The present study indicates that huA33 immunotherapy can be safely combined with BOF-Strep chemotherapy without apparent new toxicities and without increased bowel toxicity. However, the high incidence of HAHA (58%) may have prevented the manifestation of toxicities due to huA33-neutralizing antibodies in the HAHA reaction. The chemotherapy had only a small effect, if any, on the huA33-induced HAHA incidence, which has been in the range of 71–73% in prior studies (15, 16). A HAHA rate of 58% would make higher level studies difficult to interpret due to a significant loss of patients from treatment protocols. New human A33 antibodies have been developed to overcome huA33 immunogenicity problems and are being prepared for the clinic. Although response was not a major end point of this Phase I study, we are very encouraged that major responses were observed in these patients with large tumor burdens and with fluorouracil- and irinotecan-resistant tumors. In one case, a patient previously failing fluorouracil, leucovorin, irinotecan, and oxaliplatin achieved a partial response lasting 14 months. The responses were at antibody doses (10, 25, and 40 mg/m2) that were well tolerated. The transient bone marrow suppression observed as a result of the chemotherapy was manageable and did not require hospitalization. The induction of tumor regression was not seen once HAHA levels became detectable, suggesting that responses were dependent on the specific tumor targeting of antibody and that nonspecific effects of immune complexes of huA33 and HAHA did not play a role in antitumor effects. We expect that tumor response rates and duration would increase in the absence of huA33-neutralizing antibodies (HAHA) with a new nonimmunogenic form of this antibody.

The present study was based on clinical observations and an outcomes analysis of a group of patients participating in prior huA33 protocols and subsequently receiving chemotherapy. The observation that significant antitumor responses could be obtained in a group of patients with large tumor burdens and chemoresistant disease led to the present study. An analysis of the responses obtained in this study (n = 3) and those from the prior observation cases (n = 4) reveals that in five of seven cases, serum CEA declines were evident before the initiation of the chemotherapy. These data suggest that patient tumors showing sensitivity to huA33 therapy are more likely to respond to the addition of chemotherapy. Once a nonimmunogenic huA33 construct has been evaluated in a Phase I study, questions regarding the establishment of response rates for the antibody, the chemotherapy, and the combination treatment can be addressed in a series of well-controlled clinical trials. Because BOF-Strep is not commonly used as salvage treatment, there is little current information regarding response rates in patients with multidrug-resistant disease. Between 1980 and 1988, six Phase II studies were carried out to define the objective response rate of the regimen of methyl-CCNU, Oncovin, fluorouracil, and streptozotocin (MOF-Strep) in previously untreated colorectal cancer patients with advanced disease (24, 25, 26, 27, 28, 29). Methyl-CCNU eventually became unavailable, and carmustine was substituted for methyl-CCNU at the same dose and schedule (BOF-Strep). Major response rates varied from 10% to 35%, with an overall response rate of 26% for the 281 patients treated in these studies. However, the larger pivotal studies of previously untreated patients tended to have lower response rates, in the range of 10–16%, similar to fluorouracil as a single agent (26, 27). Based on these studies, the response rate in previously treated, chemoresistant patients who had failed a fluorouracil-based treatment or fluorouracil plus irinotecan is expected to be very small. As other regimens with greater activity became established, BOF-Strep took the place of last-line salvage treatment by some oncologists. Our experience with BOF-Strep in patients with chemoresistant disease is that major responses are infrequent, and palliation by achieving stabilization of disease is the primary goal.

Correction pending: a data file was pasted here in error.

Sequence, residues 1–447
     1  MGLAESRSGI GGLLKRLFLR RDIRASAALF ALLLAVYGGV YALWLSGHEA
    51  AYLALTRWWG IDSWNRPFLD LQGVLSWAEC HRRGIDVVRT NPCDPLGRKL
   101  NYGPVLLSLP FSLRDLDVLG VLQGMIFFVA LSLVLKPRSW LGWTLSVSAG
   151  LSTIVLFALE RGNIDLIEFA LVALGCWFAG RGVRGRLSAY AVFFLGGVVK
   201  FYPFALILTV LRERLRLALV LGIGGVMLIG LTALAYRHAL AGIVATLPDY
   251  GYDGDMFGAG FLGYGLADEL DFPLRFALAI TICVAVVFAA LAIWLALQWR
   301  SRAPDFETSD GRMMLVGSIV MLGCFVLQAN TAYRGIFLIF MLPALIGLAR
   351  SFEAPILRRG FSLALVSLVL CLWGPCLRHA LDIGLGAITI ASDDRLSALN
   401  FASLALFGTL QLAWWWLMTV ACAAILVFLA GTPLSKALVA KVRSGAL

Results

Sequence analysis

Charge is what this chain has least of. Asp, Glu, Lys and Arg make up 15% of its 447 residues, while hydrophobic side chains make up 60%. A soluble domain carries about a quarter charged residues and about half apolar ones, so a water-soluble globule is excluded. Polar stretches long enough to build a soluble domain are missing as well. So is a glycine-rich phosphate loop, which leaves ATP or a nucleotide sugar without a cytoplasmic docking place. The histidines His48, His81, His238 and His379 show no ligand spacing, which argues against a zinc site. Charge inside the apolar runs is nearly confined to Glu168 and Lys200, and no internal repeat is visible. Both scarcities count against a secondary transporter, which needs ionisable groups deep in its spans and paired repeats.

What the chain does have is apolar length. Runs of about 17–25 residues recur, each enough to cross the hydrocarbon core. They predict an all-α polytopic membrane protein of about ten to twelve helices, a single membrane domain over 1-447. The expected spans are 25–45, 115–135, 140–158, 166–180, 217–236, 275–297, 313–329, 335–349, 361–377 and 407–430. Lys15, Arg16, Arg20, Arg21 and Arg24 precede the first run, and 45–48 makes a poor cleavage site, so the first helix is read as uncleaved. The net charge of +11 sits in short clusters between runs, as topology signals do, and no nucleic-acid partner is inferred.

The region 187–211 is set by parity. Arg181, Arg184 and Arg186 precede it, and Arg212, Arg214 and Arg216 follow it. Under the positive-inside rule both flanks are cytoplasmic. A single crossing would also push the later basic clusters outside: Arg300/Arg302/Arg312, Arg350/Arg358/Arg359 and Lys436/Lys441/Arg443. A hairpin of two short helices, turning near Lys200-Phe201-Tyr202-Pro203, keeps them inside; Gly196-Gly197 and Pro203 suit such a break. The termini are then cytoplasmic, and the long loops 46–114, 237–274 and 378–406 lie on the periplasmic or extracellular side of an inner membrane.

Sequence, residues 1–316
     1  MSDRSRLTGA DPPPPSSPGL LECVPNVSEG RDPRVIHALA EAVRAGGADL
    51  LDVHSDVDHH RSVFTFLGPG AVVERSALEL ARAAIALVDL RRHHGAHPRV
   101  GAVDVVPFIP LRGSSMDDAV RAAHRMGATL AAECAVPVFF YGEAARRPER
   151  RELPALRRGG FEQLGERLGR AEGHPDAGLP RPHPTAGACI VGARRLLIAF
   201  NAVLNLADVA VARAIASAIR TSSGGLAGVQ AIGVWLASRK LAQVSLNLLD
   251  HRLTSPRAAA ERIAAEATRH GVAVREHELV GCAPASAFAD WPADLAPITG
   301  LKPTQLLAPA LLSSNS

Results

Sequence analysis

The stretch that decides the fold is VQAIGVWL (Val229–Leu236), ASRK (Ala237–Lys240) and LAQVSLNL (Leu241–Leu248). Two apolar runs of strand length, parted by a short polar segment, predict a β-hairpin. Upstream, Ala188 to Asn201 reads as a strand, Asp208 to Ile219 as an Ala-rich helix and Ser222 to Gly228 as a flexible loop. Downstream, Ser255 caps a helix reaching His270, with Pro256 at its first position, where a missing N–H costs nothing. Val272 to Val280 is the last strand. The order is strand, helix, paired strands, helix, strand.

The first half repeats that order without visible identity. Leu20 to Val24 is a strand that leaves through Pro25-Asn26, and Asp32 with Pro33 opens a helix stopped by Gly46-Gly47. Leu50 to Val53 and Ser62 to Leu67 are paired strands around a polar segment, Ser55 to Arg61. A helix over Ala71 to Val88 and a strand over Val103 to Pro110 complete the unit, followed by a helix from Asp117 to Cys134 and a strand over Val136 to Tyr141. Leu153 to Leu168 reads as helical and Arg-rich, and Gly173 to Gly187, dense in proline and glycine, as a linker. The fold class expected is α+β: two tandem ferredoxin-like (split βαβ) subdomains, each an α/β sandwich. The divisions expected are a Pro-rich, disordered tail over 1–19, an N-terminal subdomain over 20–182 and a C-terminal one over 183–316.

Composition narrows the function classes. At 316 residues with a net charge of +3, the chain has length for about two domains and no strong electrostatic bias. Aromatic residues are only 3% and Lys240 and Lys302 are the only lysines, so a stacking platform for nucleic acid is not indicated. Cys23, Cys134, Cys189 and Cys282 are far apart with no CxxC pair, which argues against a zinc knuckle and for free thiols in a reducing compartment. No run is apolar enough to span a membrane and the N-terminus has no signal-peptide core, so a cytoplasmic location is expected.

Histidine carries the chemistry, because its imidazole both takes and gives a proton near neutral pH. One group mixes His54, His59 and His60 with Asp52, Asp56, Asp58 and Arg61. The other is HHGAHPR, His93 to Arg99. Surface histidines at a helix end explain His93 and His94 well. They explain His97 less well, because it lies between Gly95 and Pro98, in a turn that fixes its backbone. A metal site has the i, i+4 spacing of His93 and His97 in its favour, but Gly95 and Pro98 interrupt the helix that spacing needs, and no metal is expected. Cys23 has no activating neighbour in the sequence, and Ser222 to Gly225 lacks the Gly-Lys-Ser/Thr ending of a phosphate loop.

The addition of immunocytotoxic antibody therapies to established active chemotherapy drugs/regimens is the focus of many ongoing studies and has become a standard in clinical practice (21, 22, 23). In most cases, antibody therapy has been added to active established drug regimens (21, 22, 23). Whether the results obtained here represent reversal of drug resistance, as has been reported by others (30), or modulation of immune effector functions by specific chemotherapy (17, 18, 19) remains to be determined.